iPhone six years on: the moment that changed tech

7th Jan 2013 | 21:50

iPhone six years on: the moment that changed tech

It's an iPod. It's a phone. It's an internet communicator. It's done quite well.

The Consumer Electronics Show is supposed to be a happy event, but in 2007 it felt more like a wake: on day two of the show, Apple held its own, separate event and showed off its latest product.

"An iPod. A phone. And an internet communicator," Steve Jobs said. "These are not three separate devices."

"Oh, shit," said the consumer electronics industry.

It became the talk of CES, even though Apple wasn't at CES. "I remember being sat in the CES press room alongside several other sweaty, exhausted journalists surviving on nasty coffee," TechRadar's deputy editor Dan Grabham recalls. "There was a bit of a hush over the room, although as I was working on something I didn't notice it until one of my colleagues turned to me and asked if I had seen what Apple had announced. I couldn't believe my eyes."

Grabham liked Macs, but "I'm not an Apple fan as a rule - but we knew this was big. The huge, whopping, massive deal was that it was a touchscreen, and what appeared to be an unbelievably good touchscreen with gestures."

The iPhone launch raised as many questions as it answered, Grabham says. "How had Apple done it - in cahoots with AT&T - without anybody finding out the details? How could it succeed in phones? What would it be like to use? Of course, we now know the answer to these questions, but at the time it seemed like there was a lot of stuff still to be worked out."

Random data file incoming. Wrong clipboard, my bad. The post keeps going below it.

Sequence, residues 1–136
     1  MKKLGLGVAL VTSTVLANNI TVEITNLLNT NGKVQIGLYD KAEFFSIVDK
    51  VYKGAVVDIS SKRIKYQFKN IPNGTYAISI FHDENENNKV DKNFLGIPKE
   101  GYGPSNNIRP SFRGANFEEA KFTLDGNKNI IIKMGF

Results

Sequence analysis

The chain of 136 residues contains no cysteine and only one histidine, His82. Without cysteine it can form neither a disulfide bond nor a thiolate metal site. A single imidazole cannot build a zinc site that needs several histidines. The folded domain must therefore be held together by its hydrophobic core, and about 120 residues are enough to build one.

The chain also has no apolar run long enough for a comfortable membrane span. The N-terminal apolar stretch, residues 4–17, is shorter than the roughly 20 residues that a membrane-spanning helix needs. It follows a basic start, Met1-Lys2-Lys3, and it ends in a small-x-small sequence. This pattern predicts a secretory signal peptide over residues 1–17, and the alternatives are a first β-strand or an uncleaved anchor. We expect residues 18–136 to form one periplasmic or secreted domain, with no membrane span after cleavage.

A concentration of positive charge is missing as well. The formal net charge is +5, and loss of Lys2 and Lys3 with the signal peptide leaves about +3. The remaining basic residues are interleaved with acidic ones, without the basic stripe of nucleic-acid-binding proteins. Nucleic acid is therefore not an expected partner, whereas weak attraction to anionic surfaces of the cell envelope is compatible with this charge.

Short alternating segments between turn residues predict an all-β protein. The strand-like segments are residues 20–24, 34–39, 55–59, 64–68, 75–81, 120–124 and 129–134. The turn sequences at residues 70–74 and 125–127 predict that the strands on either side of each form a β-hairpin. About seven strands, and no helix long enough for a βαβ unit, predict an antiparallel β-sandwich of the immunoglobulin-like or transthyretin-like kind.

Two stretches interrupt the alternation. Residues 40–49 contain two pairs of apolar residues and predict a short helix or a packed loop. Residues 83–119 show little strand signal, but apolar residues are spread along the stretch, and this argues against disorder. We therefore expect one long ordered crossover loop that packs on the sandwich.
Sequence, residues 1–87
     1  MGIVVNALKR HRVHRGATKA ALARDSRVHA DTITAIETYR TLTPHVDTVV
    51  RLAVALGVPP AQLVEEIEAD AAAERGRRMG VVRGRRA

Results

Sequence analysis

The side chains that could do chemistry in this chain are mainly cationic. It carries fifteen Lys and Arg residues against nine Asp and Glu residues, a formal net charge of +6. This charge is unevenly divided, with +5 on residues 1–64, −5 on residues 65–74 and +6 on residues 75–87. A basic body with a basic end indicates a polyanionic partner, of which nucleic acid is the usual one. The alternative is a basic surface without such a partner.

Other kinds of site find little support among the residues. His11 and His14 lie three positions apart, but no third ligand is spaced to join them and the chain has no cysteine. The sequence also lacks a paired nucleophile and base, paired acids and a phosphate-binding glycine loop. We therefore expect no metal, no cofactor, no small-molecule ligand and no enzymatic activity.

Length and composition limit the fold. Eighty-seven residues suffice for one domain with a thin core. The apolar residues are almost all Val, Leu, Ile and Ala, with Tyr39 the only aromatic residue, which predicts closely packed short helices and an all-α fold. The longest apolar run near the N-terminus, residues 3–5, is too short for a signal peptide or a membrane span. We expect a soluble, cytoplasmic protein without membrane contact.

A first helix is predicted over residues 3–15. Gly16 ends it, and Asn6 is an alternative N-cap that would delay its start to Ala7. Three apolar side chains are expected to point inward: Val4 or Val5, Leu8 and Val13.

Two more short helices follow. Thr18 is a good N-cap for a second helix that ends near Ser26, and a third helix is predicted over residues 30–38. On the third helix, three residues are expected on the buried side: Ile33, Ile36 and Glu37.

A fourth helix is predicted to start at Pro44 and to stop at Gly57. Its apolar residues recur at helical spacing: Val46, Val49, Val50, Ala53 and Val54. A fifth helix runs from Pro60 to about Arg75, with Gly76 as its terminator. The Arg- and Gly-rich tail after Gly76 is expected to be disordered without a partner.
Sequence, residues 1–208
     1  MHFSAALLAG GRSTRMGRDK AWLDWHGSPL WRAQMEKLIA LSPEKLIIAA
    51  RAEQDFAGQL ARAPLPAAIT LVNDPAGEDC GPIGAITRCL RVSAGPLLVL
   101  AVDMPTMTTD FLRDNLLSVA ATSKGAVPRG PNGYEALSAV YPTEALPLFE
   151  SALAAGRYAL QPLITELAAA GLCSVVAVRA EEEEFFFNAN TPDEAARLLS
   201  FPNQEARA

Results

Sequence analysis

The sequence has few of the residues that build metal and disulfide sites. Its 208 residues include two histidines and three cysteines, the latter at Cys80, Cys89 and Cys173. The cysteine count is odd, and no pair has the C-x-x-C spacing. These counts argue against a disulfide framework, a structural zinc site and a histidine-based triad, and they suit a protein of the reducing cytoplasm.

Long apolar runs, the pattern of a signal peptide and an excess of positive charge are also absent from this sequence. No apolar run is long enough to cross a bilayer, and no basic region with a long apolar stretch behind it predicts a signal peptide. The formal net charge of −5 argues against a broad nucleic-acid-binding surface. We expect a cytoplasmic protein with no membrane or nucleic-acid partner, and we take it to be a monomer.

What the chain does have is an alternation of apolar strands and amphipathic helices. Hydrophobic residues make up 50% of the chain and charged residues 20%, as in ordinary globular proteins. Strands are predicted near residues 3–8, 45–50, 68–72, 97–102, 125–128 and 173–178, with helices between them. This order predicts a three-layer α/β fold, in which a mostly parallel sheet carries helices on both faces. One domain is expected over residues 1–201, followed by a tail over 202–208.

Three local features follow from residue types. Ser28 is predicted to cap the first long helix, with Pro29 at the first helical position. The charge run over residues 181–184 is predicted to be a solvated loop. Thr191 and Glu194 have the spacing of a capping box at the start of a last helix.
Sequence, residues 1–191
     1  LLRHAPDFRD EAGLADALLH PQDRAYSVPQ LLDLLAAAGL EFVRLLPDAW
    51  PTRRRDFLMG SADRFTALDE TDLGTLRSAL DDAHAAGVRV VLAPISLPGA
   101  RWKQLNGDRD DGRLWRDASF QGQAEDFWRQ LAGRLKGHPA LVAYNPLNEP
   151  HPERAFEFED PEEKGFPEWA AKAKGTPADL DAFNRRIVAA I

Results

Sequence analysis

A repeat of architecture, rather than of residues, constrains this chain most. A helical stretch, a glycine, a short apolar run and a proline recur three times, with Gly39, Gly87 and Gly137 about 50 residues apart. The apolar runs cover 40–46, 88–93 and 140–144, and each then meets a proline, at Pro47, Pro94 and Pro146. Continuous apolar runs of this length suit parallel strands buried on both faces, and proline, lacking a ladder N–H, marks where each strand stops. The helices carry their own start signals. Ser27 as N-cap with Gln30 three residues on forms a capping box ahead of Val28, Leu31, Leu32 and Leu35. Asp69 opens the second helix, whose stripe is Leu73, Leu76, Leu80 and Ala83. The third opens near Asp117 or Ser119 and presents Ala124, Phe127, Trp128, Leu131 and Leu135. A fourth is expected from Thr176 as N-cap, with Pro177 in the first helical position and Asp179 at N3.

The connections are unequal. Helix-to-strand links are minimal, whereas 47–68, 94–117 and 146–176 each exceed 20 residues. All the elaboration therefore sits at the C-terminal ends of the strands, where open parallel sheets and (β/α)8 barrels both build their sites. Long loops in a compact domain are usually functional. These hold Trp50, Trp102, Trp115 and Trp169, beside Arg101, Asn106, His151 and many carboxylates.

While Grabham sat in a room full of shell-shocked tech journalists, your correspondent blogged: "If this is as good as it looks, it could be more important than the Mac."

That turned out to be something of an understatement.

What the world is waiting for

"That was unbelievable," Grabham wrote in November 2007: he had "never experienced anything like the atmosphere". Was he at a secret U2 gig? A football match? The Victoria's Secret Lingerie Show? Nope. Grabham was in a shop - the Apple Store in London's Regent Street, as the iPhone hit the UK (the US launch had already taken place in June). The launch was "absolute pandemonium" involving headbutts, pratfalls and lots of cameramen and women.

Unlike more recent Apple product launches, where the queues consist largely of social media-advertising attention seekers and shifty types trying to buy 100 iPhones to sell at a profit overseas, the original queuers were normal people who really, really wanted to get their hands on the phone.

So what were they queuing for? On paper, the first iPhone wasn't that great: in our first review we noted its "considerable shortcomings". It didn't do 3G - we were stuck with the woeful EDGE network - or MMS, it didn't offer third party apps, it had an annoying recessed headphone socket, the camera was rotten and it didn't even do cut and paste. It wasn't cheap, either.

You'd have been much better off with a Sony Ericsson W960i or a BlackBerry Pearl 8120, we suggested at the time - wrongly, as it turned out. The W960i and Pearl were phones with some extra features. The iPhone was a handheld computer, and the phone bit was just another application.